Two Australian Cocktail Festivals To Highlight Boozy Hospitality In April & May
— Updated on 8 July 2021

Two Australian Cocktail Festivals To Highlight Boozy Hospitality In April & May

— Updated on 8 July 2021
Chris Singh
Chris Singh

May is about to turn into one big booze fest for Aussies, as not one but two separate Australian cocktail festivals run across a swathe of award-winning small bars. First, Sydney will take exclusive rights for the World Class Cocktail Festival with a program of live entertainment, bespoke cocktails, and bar & dining collaborations from April 28 through May 2. Second, the love will spread to Melbourne, Brisbane, and Adelaide as well, for the value-driven Australian Cocktail Month running until May 31.

After the year hospitality has been through, both Australian cocktail festivals will be a chance for some of the country’s best bars to spring back to life with what is the first batch of cocktail festivals to hit Australia in what feels like forever.

Australian Cocktail Month

Australian Cocktail Month will obviously be the most wide-spread, roping in curating “bar experiences” across 72 participating venues like Sydney’s Dead Ringer and Jangling Jack’s, Melbourne’s Black Pearl and The Everleigh, Adelaide’s Maybe Mae and Alfred’s Bar, and Brisbane’s The Gresham and Blackbird.

All the bars will be working with local and international brands, like Barossa Distilling and Glenfiddich, to create menus of exclusive cocktails only offered during the festival. A $20 ticket will be required and can be used at any of the venues to unlock the menu, where cocktails are $14 a pop, and low-alcohol or booze-free cocktails are $10 each.

World Class Cocktail Festival

Sydney gets the more focused World Class Cocktail Festival, which lasts five days between April 28 and May 2. The regular (obviously it didn’t happen in 2020) event will run through bars, venues, and restaurants like Paramount House, Maybe Sammy, Bulletin Place, and Cantina OK! with events curated by liquor giant Diageo and designed to bring a sorely missed festive vibe to the city’s cocktail culture.

Given Sydney will finally host the Global Bartender of the Year – easily the Olympics of the cocktail world – in 2022, the festival should serve as a nice preview, or at least reminder, Sydney’s considerable weight when it comes to Australia’s bar scene.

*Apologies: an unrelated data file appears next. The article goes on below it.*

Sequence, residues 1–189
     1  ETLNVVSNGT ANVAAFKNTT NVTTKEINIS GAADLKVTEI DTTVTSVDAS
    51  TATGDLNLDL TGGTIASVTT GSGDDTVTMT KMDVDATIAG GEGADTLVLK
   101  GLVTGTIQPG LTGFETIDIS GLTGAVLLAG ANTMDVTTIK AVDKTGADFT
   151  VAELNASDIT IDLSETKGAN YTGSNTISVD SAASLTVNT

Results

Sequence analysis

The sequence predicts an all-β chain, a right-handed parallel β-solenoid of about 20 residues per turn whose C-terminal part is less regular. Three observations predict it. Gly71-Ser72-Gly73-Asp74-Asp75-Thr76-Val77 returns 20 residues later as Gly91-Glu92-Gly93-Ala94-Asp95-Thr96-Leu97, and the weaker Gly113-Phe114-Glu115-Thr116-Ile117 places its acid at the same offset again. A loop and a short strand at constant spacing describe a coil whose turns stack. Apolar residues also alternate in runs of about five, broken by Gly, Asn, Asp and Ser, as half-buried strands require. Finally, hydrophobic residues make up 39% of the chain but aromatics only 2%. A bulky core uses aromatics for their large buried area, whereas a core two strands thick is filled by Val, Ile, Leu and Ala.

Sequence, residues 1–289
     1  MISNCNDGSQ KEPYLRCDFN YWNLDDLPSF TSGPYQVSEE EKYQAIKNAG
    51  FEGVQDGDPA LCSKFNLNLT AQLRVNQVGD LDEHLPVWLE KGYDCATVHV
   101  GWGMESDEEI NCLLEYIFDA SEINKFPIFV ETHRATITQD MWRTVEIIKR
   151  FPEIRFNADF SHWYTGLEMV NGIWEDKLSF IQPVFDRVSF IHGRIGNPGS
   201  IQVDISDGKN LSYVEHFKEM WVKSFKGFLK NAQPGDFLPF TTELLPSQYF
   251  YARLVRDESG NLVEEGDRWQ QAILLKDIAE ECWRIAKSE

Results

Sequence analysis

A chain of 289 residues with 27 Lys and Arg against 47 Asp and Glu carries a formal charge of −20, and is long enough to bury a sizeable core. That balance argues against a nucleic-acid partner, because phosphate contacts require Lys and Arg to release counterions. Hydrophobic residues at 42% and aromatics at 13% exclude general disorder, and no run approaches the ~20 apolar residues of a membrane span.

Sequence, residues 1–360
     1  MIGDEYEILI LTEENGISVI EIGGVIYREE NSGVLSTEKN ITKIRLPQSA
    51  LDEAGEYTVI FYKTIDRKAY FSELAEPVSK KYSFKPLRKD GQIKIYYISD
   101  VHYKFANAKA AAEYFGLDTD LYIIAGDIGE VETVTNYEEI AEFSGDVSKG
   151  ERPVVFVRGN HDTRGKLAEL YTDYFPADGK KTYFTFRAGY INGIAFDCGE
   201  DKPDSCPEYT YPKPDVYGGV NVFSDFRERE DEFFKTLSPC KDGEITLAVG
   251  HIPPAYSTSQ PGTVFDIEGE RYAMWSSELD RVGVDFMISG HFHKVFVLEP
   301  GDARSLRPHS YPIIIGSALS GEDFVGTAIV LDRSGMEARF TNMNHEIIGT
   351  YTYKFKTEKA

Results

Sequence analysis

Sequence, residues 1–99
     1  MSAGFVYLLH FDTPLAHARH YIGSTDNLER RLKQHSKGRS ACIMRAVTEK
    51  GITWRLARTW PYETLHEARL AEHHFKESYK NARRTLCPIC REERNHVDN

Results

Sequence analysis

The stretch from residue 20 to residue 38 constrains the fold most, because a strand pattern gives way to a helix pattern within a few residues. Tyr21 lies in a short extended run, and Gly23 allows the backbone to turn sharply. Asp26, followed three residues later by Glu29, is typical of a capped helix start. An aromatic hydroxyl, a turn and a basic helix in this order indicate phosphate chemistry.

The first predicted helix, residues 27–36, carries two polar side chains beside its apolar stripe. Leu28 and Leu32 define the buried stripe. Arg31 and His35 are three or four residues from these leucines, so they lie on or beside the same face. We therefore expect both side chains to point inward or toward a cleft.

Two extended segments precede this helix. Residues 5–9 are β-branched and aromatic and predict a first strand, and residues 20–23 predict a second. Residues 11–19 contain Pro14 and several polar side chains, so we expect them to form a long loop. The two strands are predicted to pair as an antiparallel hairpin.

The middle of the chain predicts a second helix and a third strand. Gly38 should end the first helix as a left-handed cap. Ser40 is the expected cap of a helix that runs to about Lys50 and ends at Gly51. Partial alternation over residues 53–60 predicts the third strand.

Most of the World Class Cocktail Festival events will take place across Surry Hills and Sydney CBD, with Paramount House serving as somewhat of the “main stage” of the festival with a number of luxury brand collaborations including experiences from Don Julio and Ketel One.

The whole thing begins Wednesday April 28, kick starting a program of live entertainment, pop-up events, and dining collaborations, as well as exclusive $15 bespoke cocktails at each of the participating bars (Barber Shop, Dead Ringer, Door Knock, Tio’s, Wild Rover, and more).

Even Melbourne talent will be jumping on board for the event, with bartenders from Above Board, Black Pearl, Byrdi, and The Everleigh all rocking up to take up temporary residence at the Golden Age Cinema bar each night of the festival.

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Other events include a Simon Johnson and Ketel One caviar and martini tasting session on May 1, a Sunday session from Cantina OK! and cult kebab shop Shwarmama, and a Spanish-style closing party at Maybe Sammy with live Latin music, Tanqueray cocktails, and the reveal of the new Australian Bartender of the Year who will represent the country as part of the global finals.

Those more in it for the food would be wise to block out a session on either Wednesday, Thursday, Friday, or Saturday to head along to Hotel Harry, where Duncan Welgemoed will bring his famed travelling Africola Sound System up from Adelaide to take over the venue with some inspired North African food paired with Don Julio cocktails.

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Chris Singh
Chris is a freelance Travel, Food, and Technology writer. He has had work published by The AU Review, Junkee Media and Australian Traveller Media and holds tertiary qualifications in Psychology and Sociology.


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